The nursing home chain Brookdale Senior Living has more than 700 facilities nationwide, including five here in San Antonio. Unfortunately, there is now a lawsuit in the California Superior Court by the state’s Attorney General, Xavier Becerra, and other prosecutors who allege that the nursing home chain manipulated Medicare-Medicaid’s rating system by misreporting the hours of nurses and other staff. The lawsuit is one of the first of its kind.
Gaming the system
Misreporting the hours of staff is at the heart of the allegations. The star-rating employed Medicare assigns a star rating system ranging from one (worst) to five (best) to 15,000 eldercare facilities nationwide.
There are in-person examinations by state health inspectors, but the ratings are partially based on self-reporting data, including the amount of time nurses spend with residents. There were 15 metrics in all, including the levels of illness and use of medication, which are both culled from resident’s medical charts. Nevertheless, there was evidence that there was widespread abuse of the self-reporting element in order to raise facilities’ ratings on the Medicare.gov website. By doing so, the fraudulently high ratings would attract new customers, which can be the difference between profitability and insolvency.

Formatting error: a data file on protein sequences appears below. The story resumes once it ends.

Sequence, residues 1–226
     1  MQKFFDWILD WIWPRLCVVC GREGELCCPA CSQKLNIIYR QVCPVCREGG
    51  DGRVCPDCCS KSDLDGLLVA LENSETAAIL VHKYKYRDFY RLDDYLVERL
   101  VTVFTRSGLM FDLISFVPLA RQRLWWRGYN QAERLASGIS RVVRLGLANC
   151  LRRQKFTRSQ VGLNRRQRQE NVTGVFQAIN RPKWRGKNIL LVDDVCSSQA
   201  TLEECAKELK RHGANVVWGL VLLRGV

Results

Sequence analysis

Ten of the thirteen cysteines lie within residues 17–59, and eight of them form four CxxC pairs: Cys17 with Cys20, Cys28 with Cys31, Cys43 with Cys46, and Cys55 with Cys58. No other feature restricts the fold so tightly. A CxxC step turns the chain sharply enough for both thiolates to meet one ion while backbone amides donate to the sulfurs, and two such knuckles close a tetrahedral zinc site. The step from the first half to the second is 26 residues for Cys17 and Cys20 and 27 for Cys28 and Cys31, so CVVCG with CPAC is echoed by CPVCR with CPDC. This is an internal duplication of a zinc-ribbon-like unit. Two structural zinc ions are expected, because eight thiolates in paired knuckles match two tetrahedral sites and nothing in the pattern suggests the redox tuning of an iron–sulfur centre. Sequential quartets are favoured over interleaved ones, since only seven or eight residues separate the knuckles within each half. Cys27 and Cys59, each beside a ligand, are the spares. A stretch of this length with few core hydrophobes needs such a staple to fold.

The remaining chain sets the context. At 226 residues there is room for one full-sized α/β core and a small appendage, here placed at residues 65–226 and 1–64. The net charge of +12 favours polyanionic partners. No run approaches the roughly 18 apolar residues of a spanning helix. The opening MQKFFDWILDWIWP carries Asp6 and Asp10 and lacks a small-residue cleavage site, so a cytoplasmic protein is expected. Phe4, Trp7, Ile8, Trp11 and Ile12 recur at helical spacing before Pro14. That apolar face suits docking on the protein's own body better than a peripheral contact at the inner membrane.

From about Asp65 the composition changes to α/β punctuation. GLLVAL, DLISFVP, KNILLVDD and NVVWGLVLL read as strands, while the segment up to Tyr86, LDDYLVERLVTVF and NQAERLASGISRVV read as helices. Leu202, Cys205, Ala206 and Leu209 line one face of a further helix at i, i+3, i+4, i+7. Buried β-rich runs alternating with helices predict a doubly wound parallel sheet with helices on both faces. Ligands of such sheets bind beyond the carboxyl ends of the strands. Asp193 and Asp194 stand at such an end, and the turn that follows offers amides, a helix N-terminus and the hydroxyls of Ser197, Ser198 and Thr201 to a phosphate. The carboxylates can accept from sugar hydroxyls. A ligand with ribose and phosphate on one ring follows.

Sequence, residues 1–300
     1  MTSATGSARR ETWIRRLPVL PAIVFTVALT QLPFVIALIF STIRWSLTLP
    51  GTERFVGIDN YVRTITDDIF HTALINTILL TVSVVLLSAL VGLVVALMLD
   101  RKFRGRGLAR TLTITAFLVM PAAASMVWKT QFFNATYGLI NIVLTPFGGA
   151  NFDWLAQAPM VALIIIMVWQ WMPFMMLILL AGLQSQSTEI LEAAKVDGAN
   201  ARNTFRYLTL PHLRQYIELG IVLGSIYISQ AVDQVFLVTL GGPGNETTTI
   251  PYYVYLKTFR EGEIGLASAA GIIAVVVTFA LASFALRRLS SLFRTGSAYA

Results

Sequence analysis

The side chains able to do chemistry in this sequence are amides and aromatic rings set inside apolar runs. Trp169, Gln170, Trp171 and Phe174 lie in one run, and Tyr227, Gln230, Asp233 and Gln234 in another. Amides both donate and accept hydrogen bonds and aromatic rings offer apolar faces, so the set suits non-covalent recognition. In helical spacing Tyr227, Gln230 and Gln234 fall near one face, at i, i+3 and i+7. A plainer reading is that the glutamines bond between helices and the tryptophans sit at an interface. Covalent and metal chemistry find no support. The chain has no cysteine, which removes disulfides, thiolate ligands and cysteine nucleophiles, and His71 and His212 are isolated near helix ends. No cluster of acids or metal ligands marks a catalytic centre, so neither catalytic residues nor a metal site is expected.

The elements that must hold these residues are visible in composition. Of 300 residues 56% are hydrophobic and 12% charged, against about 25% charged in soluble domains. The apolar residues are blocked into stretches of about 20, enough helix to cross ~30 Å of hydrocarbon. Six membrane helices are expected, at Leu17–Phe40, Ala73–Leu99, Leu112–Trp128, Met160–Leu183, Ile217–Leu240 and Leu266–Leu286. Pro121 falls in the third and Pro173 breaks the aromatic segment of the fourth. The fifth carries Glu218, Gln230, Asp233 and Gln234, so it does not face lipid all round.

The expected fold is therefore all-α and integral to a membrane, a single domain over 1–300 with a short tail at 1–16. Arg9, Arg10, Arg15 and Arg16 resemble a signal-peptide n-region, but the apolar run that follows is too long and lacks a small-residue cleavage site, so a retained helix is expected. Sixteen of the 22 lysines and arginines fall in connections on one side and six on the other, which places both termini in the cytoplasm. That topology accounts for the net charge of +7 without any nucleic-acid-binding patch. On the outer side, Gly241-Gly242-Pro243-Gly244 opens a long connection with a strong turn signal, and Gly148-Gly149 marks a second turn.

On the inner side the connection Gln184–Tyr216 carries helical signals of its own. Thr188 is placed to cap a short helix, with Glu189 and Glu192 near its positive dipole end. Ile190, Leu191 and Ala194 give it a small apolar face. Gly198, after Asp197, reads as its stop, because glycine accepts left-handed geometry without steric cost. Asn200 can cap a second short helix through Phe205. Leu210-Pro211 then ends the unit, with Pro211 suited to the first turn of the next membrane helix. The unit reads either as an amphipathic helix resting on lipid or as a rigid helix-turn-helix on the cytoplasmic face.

A money-making proposition
This misreporting of data was not a company-wide policy. Still, some administrators engaged in fraudulent behavior to get more patients and attract those who were financially stable enough to pay their bills. According to the New York Times:
- Five-star facilities earned $2,000 in profit per bed,
- Three and four-star facilities earned $1,000 per bed.
- One and two-star facilities were usually not profitable.
In 2018, Medicare board members brought the issue to the administration, which began to audit the data submitted.
Holding these businesses accountable
The pandemic has been particularly hard on elder care communities, including both residents and staff. But this lawsuit in California is one more reason why it is essential to continually monitor the level of care received by a loved one. It helps ensure that the residents get the care they need. If the facility is acting fraudulent, the victims can follow the Attorney General’s lead and file a lawsuit.